Published as The Doctor in the United States and James Miranda Barry elsewhere, the book was widely reviewed for its intriguing subject matter. In an interview with Nicholas Wroe of the Guardian, Duncker said she began writing the novel in 1991 but became stalled when she could not decide whether to refer to the main character as "he" or "she." She had also written a short story, published in 1989, based on Barry's life. By 1997, Duncker was ready to resume work on the novel, settling on first- and third-person narration to work around the gender problem. Said Wroe, "The resulting book is an absorbing literary-historical novel that probes with an exuberant intelligence the complex relationship between what things are and what they seem."
In an interview with the Guardian writer Raekha Prasad, Duncker said, "I think there are underworlds of gender. There are a lot of people who feel very unhappy in the roles ascribed to them. Writing can expand your notion of what a man or a woman can be." Prasad called the book a "meaty, compulsive novel." Sarah Chinn of the Advocate wrote that the novel "shimmers through Barry's life, trying to get at the heart of what it means to live a pretense—one that awards the pretender a status far above what s/he could otherwise expect."
Guardian writer Alex Clark did not write as favorably about the novel; he said the author "presents a confusing and at times willfully obscure piece of picaresque writing." Commenting on the way Barry came to live as a man—it was the idea of his widowed mother and a group of men surrounding her, concocted to ensure that the eleven-year-old girl could go to medical school and live a successful life—Clark said Barry's life was "created by a powerful cartel of other men." He found the book typical of the modern historical novel and the character of Barry somewhat poorly developed where the inner life is concerned. "Duncker writes expressively and with much passion, but too often she appears to be struggling with the burden of her material, and veering wildly between clumsily handled idiom and register . . . and a more considered treatment of her main themes and concerns," Clark commented, even though he added that handling the material would be "a tall order for any writer."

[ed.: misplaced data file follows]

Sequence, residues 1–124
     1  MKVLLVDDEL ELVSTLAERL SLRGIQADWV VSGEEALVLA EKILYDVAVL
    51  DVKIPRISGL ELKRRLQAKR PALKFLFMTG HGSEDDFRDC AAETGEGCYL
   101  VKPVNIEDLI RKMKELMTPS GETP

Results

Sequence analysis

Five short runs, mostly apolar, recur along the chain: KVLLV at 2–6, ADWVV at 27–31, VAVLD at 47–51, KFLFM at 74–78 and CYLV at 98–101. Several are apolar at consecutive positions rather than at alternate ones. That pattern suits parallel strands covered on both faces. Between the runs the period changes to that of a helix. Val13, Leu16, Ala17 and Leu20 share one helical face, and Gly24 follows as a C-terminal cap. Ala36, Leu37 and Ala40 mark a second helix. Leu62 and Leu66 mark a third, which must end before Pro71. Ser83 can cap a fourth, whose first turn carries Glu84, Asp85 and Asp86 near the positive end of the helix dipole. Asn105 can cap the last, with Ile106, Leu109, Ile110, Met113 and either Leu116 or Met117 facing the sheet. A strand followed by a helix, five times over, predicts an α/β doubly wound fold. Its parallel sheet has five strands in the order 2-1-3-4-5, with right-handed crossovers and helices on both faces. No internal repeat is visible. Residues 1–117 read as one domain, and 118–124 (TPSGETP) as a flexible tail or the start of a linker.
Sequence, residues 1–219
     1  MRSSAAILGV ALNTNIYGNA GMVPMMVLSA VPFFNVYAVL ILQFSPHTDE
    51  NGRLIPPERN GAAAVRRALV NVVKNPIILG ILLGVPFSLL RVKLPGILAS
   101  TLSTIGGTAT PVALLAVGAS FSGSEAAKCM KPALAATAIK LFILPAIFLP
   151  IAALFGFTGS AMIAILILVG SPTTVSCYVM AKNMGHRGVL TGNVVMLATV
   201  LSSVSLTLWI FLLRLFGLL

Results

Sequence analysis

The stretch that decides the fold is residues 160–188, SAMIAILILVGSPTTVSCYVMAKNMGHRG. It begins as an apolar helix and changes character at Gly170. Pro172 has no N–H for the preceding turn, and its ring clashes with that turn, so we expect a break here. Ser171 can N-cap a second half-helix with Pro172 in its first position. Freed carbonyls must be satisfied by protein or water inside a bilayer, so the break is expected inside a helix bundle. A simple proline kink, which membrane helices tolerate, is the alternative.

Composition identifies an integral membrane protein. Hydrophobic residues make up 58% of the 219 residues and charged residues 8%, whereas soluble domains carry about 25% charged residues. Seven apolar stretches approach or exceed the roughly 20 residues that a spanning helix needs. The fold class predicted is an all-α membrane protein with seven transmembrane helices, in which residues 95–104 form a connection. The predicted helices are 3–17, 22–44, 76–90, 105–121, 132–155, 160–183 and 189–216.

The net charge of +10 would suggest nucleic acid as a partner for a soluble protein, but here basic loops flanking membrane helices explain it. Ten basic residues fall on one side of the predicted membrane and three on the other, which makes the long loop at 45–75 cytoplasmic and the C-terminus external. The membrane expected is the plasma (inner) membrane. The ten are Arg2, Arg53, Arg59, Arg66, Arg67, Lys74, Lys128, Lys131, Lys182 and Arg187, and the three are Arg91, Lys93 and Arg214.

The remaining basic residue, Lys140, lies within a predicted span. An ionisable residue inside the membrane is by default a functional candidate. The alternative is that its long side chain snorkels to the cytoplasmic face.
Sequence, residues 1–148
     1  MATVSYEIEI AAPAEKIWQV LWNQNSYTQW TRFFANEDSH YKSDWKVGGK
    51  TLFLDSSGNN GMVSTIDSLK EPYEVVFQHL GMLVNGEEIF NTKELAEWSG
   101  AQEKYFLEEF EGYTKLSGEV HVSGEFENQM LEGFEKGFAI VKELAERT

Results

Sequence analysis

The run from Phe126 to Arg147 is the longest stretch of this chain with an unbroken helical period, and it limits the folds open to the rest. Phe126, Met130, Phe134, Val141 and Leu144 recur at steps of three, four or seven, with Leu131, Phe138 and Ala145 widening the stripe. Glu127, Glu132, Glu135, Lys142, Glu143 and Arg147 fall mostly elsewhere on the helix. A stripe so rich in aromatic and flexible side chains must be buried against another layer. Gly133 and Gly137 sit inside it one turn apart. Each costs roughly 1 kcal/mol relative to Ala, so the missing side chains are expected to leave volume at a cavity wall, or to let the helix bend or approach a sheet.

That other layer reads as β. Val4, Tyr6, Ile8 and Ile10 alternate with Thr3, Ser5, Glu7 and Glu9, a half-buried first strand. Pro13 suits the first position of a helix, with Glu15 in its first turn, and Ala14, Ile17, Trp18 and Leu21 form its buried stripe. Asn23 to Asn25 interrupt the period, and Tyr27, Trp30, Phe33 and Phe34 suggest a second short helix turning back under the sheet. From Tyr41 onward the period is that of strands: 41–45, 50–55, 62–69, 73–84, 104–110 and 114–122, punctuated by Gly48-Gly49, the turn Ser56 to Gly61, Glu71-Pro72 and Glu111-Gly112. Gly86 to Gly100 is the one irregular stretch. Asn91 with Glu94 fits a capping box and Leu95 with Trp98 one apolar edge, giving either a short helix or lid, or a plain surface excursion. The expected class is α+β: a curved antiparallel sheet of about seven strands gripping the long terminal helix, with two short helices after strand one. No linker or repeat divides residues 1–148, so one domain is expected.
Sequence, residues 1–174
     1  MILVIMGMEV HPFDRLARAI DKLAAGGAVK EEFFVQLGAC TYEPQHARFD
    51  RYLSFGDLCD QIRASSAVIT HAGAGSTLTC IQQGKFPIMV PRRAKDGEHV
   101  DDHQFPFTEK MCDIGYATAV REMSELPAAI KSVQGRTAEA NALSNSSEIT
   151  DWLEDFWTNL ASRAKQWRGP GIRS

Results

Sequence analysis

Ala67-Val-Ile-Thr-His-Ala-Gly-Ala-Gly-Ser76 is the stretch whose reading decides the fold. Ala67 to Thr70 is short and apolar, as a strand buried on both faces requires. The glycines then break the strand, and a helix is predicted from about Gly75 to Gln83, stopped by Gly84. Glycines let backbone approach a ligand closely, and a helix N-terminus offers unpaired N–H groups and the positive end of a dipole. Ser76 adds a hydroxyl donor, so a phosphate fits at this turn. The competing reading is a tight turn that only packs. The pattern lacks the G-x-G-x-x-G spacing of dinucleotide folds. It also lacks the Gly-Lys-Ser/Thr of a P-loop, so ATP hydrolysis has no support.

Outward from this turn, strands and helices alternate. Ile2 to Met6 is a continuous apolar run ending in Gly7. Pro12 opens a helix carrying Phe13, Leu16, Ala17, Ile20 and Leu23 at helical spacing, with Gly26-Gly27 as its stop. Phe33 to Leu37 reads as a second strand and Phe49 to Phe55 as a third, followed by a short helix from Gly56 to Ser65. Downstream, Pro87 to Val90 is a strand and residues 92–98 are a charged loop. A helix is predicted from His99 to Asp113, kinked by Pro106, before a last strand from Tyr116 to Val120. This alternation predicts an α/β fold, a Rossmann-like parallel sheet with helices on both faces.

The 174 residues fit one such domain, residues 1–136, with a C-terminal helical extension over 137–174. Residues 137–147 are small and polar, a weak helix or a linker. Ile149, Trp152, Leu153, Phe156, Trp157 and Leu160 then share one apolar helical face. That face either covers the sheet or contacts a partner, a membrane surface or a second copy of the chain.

Aisling Foster of the London Times also concluded that the novel does not help the reader to know Barry's character in depth. Foster observed that Duncker's thorough research often left too many gaps needing to be filled by imagination, including the uncertainty over the identity of Barry's father. A little too much historical information about the period, Foster thought, made it appear as if "historic backdrops are wheeled on and off." However, Foster stated, "This is an engrossing story, featuring an authentic hero who is satisfyingly stranger than fiction."